Soon, the class picked up wider publicity and critics predictably asked why something like this should pass as “college material.” One response to an article USA Today ran on “Marijuana in American History” expressed the abhorrence that many parents shared. “As a parent of a prospective student: STRIKE 1” read one typical reaction.  “This is not something we are looking for in a future college.” As a new hire, I began to question my decision to offer the course. After checking with BU’s public relations office, however, I quickly realized that the positives greatly outweighed the negatives and they reassured me of the university’s support.  In addition, students in my class found the controversy over their course flattering. One even expressed that she felt she was actually a part of history, while another engineering student reflected in his course portfolio, “At this time I think I have far greater perspective on the marijuana issue, but really what I think I got out of this course was a greater appreciation for how the whole ‘liberal arts college’[humanities?] thing can teach you how to think about issues.”  In his paper, he argued that courses like “Marijuana in American History” are necessary, asking: “if marijuana has been legitimized in business, medicine and in politics-why not in academics?”—essentially developing a “so what?” that answered many critics who wondered “who cares”? (Or as one person protested: “And this course will prepare the student to do something?”). Despite the current hostility to the humanities, or perhaps because of it, the history of marijuana is a new and exciting field that can expand undergraduates’ notions of history’s role in changing perceptions of drugs and alcohol in society.

[1] Patricia Meyers Spacks, “Presidential Address 1994: Reality-Our Subject and Discipline,” PMLA, 110 (May, 1995), 350-357.

[2]Robert Townshend, “Data Shows a Decline in History Majors,” Perspectives, 51 (April, 2013); Mills Kelly, “A Looming Disaster for History,” April 12, 2013, edwired ; http://edwired.org/2013/04/12/a-looming-disaster-for-history/.

 

Teaching Points: “The History of Drugs in Twentieth-Century America”

Editor’s Note: This post is brought to you by Marco Ramos and Tess Lanzarotta. Ramos is an MD/Ph.D. candidate in the History of Science and Medicine program at Yale University focusing on the production and circulation of scientific knowledge during the Cold War in the global south. Lanzarotta is a Ph.D. candidate in the same department focusing on the ways that contemporary interactions between biomedical researchers and indigenous populations are shaped by their historical antecedents. This summer, Ramos and Lanzarotta taught a course on the history of drugs in the twentieth century and we’ve invited them to contribute to our “Teaching Points” series. Enjoy! 

Over the course of five weeks this summer, we co-taught a course on “The History of Drugs in Twentieth-Century America.” As discussed in our earlier post, we decided to focus the course around historical processes of drug categorization, rather than on a single drug or class of drugs. We hoped that this approach would draw undergraduate students’ attention to the ways that systems of drug classification are and have been shaped by their historical contexts. In particular, we felt it was crucial to emphasize the ways that drug categories affect and are affected by the people who use and regulate drugs.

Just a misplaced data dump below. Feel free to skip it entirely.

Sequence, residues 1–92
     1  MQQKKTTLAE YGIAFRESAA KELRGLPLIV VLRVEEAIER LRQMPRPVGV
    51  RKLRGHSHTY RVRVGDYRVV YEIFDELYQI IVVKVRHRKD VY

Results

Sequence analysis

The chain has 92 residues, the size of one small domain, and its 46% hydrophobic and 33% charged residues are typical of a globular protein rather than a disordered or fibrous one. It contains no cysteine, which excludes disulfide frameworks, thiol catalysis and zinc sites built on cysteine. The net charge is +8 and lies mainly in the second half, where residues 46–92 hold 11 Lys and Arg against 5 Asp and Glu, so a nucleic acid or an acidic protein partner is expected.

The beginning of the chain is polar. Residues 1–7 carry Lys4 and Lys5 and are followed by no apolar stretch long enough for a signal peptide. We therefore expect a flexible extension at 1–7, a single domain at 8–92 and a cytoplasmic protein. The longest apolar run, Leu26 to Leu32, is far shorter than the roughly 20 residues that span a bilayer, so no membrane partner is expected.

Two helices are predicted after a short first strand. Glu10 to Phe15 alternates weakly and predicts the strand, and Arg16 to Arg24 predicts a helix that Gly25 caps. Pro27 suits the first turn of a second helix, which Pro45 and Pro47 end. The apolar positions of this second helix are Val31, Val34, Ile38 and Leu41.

Part of the impetus for the course was our own sense that historical analysis makes a particularly useful tool for understanding contemporary dilemmas surrounding drug use and drug policy. Bearing that in mind, we structured our classroom discussions and course assignments to encourage students to draw lessons from the past and bring them to bear on the present. The class was a seminar format with sessions running for three hours, twice each week; we tried to break up this rather long classroom time by delivering short lectures, showing documentaries and television episodes, visiting the Yale Medical Historical Library and Yale Art Gallery, and by bringing in guest speakers who could share their perspectives and expertise.

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Teaching Points: Opium, Empire, and State in Asia

Today’s post is from Dr. Bruce Erickson. He is currently the chair of the department of history at LeMoyne College in Syracuse, NY.

In recent years I have included in my rotation two courses that begin with the narcotics trade, “Coca, Culture, and Politics in Latin America” and “Opium, Empire, and State in Asia.” These two classes began life as one that tried to combine “Wars on Drugs” with Wars of Drugs,” so really they were and are less about drugs themselves than about the politics of drugs. Or better, they use the study of narcotics to explore larger histories. In their conception my classes are simply a commodity chain approach to studying and teaching history. What differentiates coca, opium, and their derivatives from other commodities goes beyond their effects to their inconsistent and shifting legal status, the social consequences of their introduction, and their social, political, and economic importance at particular times and places. Continue reading →